that on my journey I would have another night so fortunate as this, or
that I would find so perfect a haven or talk so good. Gillespie broke the
silence by asking the older man a question.
"Do you live in the Highlands, by any chance?"
"In the Highlands?" the man repeated, his
voice showing surprise, and then in the moonlight I could see the flicker
of a smile on his face. He drew himself up. "No; I don't live in Scotland
at all. I come from America. I told you about a crofter's child that was
born in the open air beside a crag, over these hills. That child," he said
quietly, "was my grandfather."
Next morning I was awakened before seven
o'clock by noises in the next room. Gillespie was stirring early. I
expected that at breakfast he would give me an account of a hill-walk
taken in the cool of the morning, and would charge me with indolence ; but
I decided to save my energy for the long day's tramp across Moidart, and
so dozed off again into that region of pellucid bliss that lies between
sleep and wakefulness, when the mind moves with the ease of bird-flight. I
can remember how in that hour my thoughts went ahead of me into Moidart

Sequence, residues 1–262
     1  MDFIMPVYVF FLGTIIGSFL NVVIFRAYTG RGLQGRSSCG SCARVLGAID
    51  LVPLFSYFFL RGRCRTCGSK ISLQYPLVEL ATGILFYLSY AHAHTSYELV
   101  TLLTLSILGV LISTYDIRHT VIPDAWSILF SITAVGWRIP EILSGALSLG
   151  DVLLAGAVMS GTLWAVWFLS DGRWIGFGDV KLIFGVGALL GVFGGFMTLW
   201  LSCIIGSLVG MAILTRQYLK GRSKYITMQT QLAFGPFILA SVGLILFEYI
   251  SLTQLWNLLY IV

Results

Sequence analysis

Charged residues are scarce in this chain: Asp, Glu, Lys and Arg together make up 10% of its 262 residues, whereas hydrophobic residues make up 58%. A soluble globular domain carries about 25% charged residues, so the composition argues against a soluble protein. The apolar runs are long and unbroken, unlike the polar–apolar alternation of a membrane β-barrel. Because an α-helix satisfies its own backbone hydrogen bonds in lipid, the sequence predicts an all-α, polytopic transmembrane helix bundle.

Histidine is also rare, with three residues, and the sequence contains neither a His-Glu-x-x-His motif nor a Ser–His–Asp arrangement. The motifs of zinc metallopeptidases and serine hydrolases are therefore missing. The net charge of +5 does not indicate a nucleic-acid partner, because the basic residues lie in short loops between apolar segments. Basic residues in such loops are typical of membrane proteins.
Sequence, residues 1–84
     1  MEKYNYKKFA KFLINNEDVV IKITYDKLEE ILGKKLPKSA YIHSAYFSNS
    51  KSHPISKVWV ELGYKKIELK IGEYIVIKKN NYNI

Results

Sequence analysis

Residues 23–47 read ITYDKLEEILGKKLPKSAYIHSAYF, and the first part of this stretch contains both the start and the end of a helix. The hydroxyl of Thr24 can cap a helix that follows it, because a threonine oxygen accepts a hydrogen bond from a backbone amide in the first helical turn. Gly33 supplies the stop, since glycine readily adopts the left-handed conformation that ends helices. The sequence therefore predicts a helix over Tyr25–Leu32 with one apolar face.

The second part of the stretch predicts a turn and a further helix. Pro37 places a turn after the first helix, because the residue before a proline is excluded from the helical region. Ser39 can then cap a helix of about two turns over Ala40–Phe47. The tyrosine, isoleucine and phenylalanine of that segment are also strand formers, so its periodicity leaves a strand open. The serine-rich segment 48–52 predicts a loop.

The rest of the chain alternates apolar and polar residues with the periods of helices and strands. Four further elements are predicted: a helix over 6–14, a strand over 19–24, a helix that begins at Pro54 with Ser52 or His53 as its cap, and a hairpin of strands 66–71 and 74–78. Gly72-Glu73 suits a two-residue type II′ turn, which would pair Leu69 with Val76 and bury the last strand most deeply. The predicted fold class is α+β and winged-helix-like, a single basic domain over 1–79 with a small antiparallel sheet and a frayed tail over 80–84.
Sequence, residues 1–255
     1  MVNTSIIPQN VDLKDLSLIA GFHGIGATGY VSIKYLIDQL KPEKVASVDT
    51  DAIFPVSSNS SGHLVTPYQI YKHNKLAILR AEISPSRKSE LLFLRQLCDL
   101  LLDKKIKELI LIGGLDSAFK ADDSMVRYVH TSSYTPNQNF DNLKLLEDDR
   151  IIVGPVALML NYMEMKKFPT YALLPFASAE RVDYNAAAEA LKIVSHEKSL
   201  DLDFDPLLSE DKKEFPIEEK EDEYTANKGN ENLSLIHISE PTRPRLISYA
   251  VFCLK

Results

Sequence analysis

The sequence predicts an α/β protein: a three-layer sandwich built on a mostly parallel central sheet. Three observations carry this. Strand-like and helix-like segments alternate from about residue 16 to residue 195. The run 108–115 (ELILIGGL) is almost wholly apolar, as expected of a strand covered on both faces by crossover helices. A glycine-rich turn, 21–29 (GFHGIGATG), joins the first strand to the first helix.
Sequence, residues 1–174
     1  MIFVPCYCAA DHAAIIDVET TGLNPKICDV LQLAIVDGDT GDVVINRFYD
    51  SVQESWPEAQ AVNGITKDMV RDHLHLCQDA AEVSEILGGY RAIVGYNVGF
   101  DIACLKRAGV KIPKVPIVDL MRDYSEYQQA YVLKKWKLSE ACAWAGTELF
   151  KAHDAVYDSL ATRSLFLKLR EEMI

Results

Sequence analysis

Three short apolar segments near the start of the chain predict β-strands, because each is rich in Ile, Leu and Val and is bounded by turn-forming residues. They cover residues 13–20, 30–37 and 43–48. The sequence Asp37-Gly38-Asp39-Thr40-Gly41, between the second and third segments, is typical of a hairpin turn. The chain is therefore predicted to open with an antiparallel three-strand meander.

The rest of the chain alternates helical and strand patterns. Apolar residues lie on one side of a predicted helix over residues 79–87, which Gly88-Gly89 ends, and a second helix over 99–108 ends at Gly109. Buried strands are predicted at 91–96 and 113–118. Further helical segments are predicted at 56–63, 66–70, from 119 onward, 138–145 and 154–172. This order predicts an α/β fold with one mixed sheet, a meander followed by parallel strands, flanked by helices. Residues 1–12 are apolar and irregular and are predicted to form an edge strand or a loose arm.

with an absurd and careless rapture. But it was a Moidart of my own
creating, not the country I had been warned about, the heart of the "Rough
Bounds," where there was not even a decent cart-track to follow, where the
postman was compelled to make his daily journey on horseback, where no inn
existed, and where in consequence a shelter for the night might be hard to
Gillespie and I
had nearly finished breakfast before the Government official appeared. The
older man had breakfasted early, and, after saying good-bye to us, had
gone off to the hills. I went out into the sunshine to smoke the best pipe
of the day ; and when I had settled my bill, I went in to the little
dining-room to make my farewells.
Gillespie rose with a smile in his quick eyes.
"We've been arranging things for you," he